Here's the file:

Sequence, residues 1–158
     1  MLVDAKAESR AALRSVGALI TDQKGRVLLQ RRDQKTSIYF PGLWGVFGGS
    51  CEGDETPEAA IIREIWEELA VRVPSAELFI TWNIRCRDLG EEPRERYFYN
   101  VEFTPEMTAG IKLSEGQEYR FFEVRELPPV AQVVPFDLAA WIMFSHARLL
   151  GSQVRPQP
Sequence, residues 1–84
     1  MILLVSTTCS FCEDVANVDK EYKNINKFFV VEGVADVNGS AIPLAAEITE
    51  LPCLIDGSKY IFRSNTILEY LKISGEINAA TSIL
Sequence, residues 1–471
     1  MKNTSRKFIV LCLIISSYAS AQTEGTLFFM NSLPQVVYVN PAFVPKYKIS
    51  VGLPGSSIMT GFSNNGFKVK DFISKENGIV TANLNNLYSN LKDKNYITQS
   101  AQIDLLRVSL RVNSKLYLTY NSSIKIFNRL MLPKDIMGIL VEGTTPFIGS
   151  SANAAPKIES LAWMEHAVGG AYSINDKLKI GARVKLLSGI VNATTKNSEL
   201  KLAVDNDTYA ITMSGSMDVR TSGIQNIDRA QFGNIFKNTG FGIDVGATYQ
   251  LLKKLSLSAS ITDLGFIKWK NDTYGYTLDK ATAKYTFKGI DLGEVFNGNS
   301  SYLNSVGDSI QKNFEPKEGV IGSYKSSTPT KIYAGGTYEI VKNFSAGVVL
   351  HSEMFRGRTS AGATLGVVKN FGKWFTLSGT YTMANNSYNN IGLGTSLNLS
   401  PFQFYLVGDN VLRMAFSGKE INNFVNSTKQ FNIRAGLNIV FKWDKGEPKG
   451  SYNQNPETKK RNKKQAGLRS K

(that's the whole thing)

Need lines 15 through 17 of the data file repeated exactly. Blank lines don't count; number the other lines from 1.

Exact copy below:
   251  LLKKLSLSAS ITDLGFIKWK NDTYGYTLDK ATAKYTFKGI DLGEVFNGNS
   301  SYLNSVGDSI QKNFEPKEGV IGSYKSSTPT KIYAGGTYEI VKNFSAGVVL
   351  HSEMFRGRTS AGATLGVVKN FGKWFTLSGT YTMANNSYNN IGLGTSLNLS